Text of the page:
The Jacksonville City Council has approved a measure to bring fiber Internet options to the door in the city. In a 8-1 vote with 1 member voting ‘present’ on the issue, the city agreed to a memorandum of understanding with I3 that will cost the city $2.5 million. I3 will use the city’s money to help fund a nearly $18 million infrastructure project to lay fiber optic Internet cable through the entirety of town. In return, the city’s buildings along with several key buildings in town will receive free fiber Internet access. The city will also receive several strands of what are called “dark fiber” lines for future upgrades.
Depending upon a customer’s purchase, I3 will offer between 1 and 10 gigabit Internet speeds. City IT Department Head Scott Roberts sought help from Yates Engineering Services of Bloomington, Indiana to go over the deal for the city to see if it was a sound deal to enter into for long term: “The president of the engineer firm reviewed the MOU and his gut check essentially was this was a reasonable deal. He had seen [in the past] cities pay more for less, and he did not have a problem with it.” Roberts said that he had been working the mayor’s office and the Jacksonville Regional Development Corporation, and Morgan County Planner Dusty Douglas since 2014 intermittently to bring similar projects to Jacksonville.
Two alderman pushed back against the idea for very separate reasons. Ward 3 Alderman Brandon Adams had a heated exchange with Mayor Andy Ezard and Alderman Jeff Hopkins believing that the city should have consulted with an engineering consultant to possibly get a better deal. Hopkins said during the meeting that the information that Roberts had brought to him about the project over the last week had satisfied his own personal wish to receive professional advice before making his own decision.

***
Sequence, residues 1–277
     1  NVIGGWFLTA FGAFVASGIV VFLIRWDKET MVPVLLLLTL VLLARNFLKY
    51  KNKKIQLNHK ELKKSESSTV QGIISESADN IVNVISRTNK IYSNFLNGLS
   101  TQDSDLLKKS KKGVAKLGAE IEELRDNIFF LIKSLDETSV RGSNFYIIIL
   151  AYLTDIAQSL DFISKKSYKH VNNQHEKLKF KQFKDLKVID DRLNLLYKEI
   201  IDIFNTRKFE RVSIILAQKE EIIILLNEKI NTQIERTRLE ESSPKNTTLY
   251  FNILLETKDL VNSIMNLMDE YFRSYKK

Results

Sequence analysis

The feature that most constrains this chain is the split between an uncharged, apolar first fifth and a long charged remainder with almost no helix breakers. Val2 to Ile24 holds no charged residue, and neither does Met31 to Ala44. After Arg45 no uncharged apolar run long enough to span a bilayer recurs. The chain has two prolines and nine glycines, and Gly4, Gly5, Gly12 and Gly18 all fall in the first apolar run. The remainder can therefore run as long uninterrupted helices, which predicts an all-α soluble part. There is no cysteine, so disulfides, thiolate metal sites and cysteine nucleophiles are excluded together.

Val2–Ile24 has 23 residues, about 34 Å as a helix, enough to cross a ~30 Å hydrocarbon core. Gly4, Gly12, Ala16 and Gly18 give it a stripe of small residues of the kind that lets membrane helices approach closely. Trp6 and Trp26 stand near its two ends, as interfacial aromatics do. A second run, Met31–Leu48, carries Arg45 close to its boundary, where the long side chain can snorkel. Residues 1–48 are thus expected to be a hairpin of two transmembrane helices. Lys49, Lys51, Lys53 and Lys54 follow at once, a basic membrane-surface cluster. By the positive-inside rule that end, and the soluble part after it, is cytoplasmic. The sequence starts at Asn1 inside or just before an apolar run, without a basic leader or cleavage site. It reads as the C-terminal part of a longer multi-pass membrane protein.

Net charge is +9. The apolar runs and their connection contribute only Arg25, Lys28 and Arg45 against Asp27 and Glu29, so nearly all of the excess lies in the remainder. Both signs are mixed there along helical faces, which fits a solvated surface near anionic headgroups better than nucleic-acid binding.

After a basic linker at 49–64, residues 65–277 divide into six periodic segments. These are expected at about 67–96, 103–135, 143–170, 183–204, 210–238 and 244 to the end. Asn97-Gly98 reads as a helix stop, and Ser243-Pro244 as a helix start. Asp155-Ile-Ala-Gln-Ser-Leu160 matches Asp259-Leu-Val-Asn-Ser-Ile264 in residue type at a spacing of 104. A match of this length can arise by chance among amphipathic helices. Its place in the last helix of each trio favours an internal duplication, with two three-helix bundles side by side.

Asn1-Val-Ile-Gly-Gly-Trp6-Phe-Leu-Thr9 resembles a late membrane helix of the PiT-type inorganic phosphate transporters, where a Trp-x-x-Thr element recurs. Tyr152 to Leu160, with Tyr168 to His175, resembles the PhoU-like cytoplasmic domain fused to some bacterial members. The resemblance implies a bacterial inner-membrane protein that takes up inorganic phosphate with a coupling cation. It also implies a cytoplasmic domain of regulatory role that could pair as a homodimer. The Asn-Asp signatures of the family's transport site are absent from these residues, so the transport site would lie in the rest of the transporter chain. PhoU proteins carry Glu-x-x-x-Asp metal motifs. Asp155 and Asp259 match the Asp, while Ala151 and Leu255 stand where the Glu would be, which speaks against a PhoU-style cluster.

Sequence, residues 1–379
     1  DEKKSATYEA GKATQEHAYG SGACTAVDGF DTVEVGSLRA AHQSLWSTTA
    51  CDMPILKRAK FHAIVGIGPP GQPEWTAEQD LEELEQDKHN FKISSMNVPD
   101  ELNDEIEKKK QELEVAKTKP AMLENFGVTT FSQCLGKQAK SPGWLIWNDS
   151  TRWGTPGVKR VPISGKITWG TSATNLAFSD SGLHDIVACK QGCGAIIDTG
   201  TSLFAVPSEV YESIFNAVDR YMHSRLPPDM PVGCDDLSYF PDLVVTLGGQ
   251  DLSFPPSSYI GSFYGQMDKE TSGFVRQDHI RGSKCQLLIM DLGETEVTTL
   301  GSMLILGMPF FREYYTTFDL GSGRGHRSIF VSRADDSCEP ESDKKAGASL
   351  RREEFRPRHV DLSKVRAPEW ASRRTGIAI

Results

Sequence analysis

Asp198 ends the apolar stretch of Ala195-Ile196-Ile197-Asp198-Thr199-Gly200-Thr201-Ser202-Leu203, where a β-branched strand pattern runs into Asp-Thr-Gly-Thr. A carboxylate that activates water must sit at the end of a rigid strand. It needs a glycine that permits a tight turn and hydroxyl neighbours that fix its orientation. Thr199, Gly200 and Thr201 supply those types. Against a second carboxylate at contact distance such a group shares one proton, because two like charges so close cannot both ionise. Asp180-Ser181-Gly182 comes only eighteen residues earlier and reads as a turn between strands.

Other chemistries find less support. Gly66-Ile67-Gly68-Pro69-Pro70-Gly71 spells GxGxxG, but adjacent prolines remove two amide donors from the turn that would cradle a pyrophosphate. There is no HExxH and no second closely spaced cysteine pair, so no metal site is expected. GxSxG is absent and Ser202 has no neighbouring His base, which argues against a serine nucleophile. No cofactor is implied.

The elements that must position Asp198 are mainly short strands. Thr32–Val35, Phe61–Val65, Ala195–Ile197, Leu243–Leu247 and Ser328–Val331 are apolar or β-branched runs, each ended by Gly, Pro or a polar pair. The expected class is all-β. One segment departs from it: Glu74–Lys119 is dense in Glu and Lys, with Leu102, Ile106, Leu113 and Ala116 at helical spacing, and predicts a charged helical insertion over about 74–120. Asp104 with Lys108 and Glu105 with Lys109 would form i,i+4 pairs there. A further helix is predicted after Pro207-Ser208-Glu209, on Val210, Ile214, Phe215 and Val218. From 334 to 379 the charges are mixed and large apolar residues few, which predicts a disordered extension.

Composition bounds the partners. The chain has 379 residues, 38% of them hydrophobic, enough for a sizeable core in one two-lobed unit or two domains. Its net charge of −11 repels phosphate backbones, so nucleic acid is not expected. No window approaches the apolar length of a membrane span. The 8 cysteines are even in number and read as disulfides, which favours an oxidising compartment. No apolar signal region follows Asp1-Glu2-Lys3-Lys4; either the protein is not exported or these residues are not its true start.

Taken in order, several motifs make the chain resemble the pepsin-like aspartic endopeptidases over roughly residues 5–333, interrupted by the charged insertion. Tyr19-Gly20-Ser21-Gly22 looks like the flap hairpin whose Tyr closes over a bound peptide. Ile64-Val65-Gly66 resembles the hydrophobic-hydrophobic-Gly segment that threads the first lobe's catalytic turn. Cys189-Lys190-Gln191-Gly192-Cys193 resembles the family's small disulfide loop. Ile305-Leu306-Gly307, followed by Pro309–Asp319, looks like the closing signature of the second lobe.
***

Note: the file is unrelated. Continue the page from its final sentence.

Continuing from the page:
Adams asked for several motions including another motion to table the issue and a motion for the city to receive a right of first refusal should I3 sell to a larger broadband company. Both motions died due to a lack of a second. Adams said that opportunity for having I3 to the door for some residents did not present affordability to low-income homes.
Ward 2 Alderwoman Lori Large Oldenettel who voted ‘no’ on the project said that the city council is sending mixed signals to residents and department heads: “We’ve asked a lot of our department heads to give us bids for major projects. We didn’t hold ourselves in the same regard to get 3 bids so we could take the lowest bid. We took the only bid [for this project]. Even though I respect the work of the [Special Studies] Committee and the other people that worked on the project, I still feel like we should have maybe gotten us some different perspectives to see what other maybe local businesses or other people who would have come to Jacksonville – and see what other options are on the table before we [spend] $2.5 million. We have asked so many of our department heads to reduce spending and to eliminate major projects. I was just concerned that perhaps this wasn’t the right time to do it, because every [other] project we don’t do now, we are just moving down the road.”
Oldenettel says she still feels like it’s a worthwhile project for Jacksonville but due to the timing and the amount of money, she could not vote for it.
City Special Studies Chairman and Ward 5 Alderman Steve Warmowski says the next step for I3 is simply to start laying lines as soon as possible: “I3 has already started configuring their network, so they are going to be doing some back-end engineering. I think in a couple of months, people will start seeing trucks putting in fiber in neighborhoods. Previously in discussions, I3 said that about 6 weeks after you see a truck in your neighborhood installing fiber, you should be able to call them up and get Internet to your house.”
Warmowski says the I3 option will now help with e-learning, telecommuting for jobs, and possibly help attract new business to Jacksonville.
Warmowski also recently posted a copy of an example bill from I3 on his Jacksonville Ward 5 Facebook Page: “I had them send me a sample bill for their basic package, which is $49 a month. When you look at the bill, it’s $49. There is no add-ons, no modem fees, there’s no this fee or that. It’s just straight up billing. There was also a recent story on a Springfield blog about how they recently upped their speeds. When they originally came to town, they said their top speeds were going to be 1 gig in Jacksonville, now they are saying it’s going to be 10. Their speeds are going to go up to the next level. It’s going to be great for businesses.”
Warmowski said during the meeting that it put Jacksonville’s Internet infrastructure in line and in some cases ahead of smaller, rural towns like Bluffs and Waverly where fiber Internet options already exist.
Jacksonville Mayor Andy Ezard said last week prior to the vote that he wanted the city to move on the project because the scope of it would provide equal opportunity across the city, and he also said that the build out of the project would be completed possibly within the next 18 months.